Rise of the Colorful and Cultural Kitchen Backsplash
Written By: Elliot McGowan
Tuesday, September 03, 2019
One area we predict a surge in popularity is in the kitchen backsplash mdash; an often overlooked feature of modern kitchen design. Historically, backsplashes are an extra layer of tiling placed on walls behind worktops, sinks and stoves to protect them from food splashes and spillages. They have always been an integral part of the kitchen but not just for their practicality and hygiene mdash; they are also a fantastic way to inject colour and character into a kitchen. Tiles have a decorative prowess and with many different >
The Portuguese lsquo;Azulejorsquo; Backsplash
When talking about tiling and backsplashes, Portugalrsquo;s Azulejo tile is one of the first that springs to mind. Anybody who has visited Portugal may recognise the >
The last few centuries saw an explosion in Azulejo popularity. Today, it is common to see Azulejos adorning churches, palaces, schools, restaurants, bars and train stations, as well as regular homes. They are also used extensively in interior decoration. In the kitchen below the Azulejos inject a perfect degree of character into the kitchen. The pastel blue, beige and yellow colours are soft and modest, rather than overpowering. The mandalas are decorative but not excessive, they compliment surrounding neutral walls without creating a busy effect.nbsp;
Mexican lsquo;Talaverarsquo; Backsplash
The tiling techniques introduced to the Portuguese and Spanish by the Moors were then introduced to Central America when it was colonised by the Spanish and Portuguese over 500 years ago. This can most obviously be seen in Mexico, but again, the tilework here now boasts its own unique >
Thenbsp; Talavera tile is most recognisable tilework hailing from Mexico. These tend to showcase the timeless combination of blue and white, but they also come in more vibrant colours. The >
Blue tiles seen here became a common >
Dutch lsquo;Delft Bluersquo; Backsplash
Another extremely recognisable >
This design was first introduced around 1600 and flourished during the Dutch Golden Age that spanned the 17th century. By the end of the 17th century, Delftware had become a major industry, exporting tilework all over Europe.nbsp;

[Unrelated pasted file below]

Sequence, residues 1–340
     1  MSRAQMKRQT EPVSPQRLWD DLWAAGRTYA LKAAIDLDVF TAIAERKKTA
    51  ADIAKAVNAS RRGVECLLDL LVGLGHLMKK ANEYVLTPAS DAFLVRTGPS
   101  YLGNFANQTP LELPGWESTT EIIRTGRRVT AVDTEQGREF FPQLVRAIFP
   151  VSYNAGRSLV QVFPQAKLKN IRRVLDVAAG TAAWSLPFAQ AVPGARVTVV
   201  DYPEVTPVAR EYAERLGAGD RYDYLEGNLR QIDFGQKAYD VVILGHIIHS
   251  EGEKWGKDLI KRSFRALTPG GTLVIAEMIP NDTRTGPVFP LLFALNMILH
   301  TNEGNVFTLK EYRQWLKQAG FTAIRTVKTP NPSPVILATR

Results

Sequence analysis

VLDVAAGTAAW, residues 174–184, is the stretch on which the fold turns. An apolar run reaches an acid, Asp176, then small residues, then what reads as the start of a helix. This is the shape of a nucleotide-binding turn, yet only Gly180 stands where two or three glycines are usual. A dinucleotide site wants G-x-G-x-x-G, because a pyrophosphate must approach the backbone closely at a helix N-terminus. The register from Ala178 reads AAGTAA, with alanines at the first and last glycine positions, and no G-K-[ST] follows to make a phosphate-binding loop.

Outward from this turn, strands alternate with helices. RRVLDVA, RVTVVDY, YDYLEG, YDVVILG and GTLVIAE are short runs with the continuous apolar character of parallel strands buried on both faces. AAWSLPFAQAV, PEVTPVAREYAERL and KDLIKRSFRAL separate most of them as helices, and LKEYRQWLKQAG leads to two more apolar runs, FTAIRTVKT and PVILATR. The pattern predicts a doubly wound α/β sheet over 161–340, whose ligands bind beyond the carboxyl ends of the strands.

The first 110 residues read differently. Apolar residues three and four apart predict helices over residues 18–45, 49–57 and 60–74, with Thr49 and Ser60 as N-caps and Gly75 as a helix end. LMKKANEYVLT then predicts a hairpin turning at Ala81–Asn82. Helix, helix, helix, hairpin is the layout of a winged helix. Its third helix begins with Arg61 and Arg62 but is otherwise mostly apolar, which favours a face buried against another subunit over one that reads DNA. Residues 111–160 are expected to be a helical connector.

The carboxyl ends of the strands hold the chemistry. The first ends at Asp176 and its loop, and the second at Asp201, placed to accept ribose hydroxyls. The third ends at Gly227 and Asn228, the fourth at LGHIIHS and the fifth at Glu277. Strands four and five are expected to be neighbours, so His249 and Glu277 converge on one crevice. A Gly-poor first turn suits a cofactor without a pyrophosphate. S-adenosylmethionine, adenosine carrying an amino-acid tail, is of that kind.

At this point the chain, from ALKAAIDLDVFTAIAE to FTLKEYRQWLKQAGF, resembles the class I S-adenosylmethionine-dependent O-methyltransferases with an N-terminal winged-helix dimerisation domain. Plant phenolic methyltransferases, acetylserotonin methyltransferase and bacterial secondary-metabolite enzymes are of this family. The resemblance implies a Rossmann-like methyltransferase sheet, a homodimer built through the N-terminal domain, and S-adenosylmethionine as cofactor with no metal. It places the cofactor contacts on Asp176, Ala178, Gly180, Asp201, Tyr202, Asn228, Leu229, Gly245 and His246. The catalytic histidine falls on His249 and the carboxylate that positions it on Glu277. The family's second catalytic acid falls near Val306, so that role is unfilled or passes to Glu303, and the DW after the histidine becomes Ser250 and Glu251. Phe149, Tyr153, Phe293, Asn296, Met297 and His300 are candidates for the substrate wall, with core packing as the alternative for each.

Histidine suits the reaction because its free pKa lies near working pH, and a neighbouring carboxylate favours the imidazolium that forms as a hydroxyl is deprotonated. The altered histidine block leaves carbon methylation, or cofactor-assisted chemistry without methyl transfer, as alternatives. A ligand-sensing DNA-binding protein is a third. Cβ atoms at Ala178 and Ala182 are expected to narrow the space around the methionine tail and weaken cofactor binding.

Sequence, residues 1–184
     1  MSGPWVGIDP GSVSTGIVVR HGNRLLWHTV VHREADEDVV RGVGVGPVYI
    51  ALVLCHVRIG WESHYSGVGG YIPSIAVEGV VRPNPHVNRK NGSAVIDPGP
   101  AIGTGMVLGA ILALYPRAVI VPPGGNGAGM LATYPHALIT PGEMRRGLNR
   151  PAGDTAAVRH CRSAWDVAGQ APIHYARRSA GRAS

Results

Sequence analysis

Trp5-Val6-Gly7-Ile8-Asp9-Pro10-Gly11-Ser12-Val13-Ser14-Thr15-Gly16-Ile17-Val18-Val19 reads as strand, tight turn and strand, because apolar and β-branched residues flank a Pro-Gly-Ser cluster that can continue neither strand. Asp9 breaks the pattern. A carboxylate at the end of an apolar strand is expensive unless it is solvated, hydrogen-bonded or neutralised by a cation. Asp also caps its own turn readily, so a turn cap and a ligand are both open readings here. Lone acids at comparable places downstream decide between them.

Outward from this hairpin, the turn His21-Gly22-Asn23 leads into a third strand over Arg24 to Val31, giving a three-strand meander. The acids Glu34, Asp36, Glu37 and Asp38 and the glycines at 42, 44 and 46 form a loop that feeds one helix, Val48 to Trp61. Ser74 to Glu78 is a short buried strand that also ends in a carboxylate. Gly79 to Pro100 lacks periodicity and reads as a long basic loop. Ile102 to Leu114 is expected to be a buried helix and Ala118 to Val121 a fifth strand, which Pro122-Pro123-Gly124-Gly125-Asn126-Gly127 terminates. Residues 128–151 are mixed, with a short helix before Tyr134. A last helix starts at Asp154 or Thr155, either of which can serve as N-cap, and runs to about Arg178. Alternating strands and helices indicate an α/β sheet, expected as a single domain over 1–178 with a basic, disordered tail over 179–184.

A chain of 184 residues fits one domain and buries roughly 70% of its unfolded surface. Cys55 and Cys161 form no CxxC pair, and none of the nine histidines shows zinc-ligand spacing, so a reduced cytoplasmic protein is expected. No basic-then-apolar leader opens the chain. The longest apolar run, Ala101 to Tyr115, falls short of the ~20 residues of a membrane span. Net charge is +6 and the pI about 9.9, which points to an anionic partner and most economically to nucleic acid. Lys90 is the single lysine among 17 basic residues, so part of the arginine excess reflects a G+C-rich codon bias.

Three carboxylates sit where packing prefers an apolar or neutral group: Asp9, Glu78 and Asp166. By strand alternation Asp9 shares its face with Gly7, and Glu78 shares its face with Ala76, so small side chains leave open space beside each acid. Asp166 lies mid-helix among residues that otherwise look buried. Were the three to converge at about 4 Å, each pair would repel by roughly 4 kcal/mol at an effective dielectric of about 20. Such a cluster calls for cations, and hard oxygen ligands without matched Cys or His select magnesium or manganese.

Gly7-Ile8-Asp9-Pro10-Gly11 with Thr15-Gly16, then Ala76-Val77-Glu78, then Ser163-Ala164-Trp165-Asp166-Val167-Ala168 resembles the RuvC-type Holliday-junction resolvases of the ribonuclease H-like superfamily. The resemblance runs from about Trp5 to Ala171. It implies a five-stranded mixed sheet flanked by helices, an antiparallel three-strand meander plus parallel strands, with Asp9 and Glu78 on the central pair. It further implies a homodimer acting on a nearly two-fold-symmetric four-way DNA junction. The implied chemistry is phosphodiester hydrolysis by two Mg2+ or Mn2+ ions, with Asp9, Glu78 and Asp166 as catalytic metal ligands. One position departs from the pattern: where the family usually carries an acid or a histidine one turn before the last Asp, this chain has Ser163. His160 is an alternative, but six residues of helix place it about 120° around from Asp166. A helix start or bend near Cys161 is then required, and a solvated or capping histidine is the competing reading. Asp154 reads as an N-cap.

The designs found on a Dutch Delft Blue backsplash will not be to everybodys taste as they depict elements of Dutch culture like clogs, tulips and canal houses that may not be >
Turkish lsquo;Iznikrsquo; Backsplash
This Turkish backsplash is reminiscent of the more simple Portuguese Azulejos design. Each tile is identical and depicts the same intricate pattern, rather than the variety seen in Mexican Talavera tiles and Delft Blues.
Turkish tiles and ceramics are prominent in the history of Islamic art and their roots can be traced as far back as before 700AD. At first, they were monochromatic in design and commonly displayed stars and crosses. However, they later became associated with geometric patterns and a range of colours including greens and reds.
The tiles seen in this backsplash are a tame version of the popular Iznik ware, which hails from the Western Turkish town of Iznik. This particular >
Last up is this gorgeous colourful Moroccan backsplash. It takes inspiration from the Moroccan Zellige art form, which used mosaics to create geometric shapes, as Islam forbade the representation of living animal or human figures. Art, therefore, instead featured shapes such as diamonds, squares, triangles, stars and tessellated patterns.nbsp;
Traditionally, Zellige art was mosaic, typical of the tilework that decorates Granadarsquo;s Alhambra, but as mosaic can be a particularly excessive decoration in the kitchen, the backsplash featured here is made up of different square tiles. Masters of creating these patterns would go undergo lengthy training beginning in childhood and would need expert knowledge of mathematics and geometry. Later in the 17th century, this art form grew in its vibrancy and variation. Colours were used to represent different elements, with red symbolising fire, yellow air, and green water, for example.
This curveball option provides a refreshing alternative to the monochromatic and minimalistic tendencies of modern kitchen design. Though the colours are certainly more vibrant than those of other backsplashes, they are toned down and carefully balanced so as not to be overly intrusive. The reds, greens and yellows are controlled shades that add character without being too bold or overbearing. It brings a slice of culture to the kitchen and makes for a standout feature for guests.nbsp;
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